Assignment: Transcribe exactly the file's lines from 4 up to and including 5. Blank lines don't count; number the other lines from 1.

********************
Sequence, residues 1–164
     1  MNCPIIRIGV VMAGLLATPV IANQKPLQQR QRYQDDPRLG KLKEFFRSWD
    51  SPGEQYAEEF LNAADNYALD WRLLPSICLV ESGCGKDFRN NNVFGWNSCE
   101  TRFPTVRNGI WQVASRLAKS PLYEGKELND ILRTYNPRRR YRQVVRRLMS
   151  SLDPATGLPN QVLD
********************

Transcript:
   101  TRFPTVRNGI WQVASRLAKS PLYEGKELND ILRTYNPRRR YRQVVRRLMS
   151  SLDPATGLPN QVLD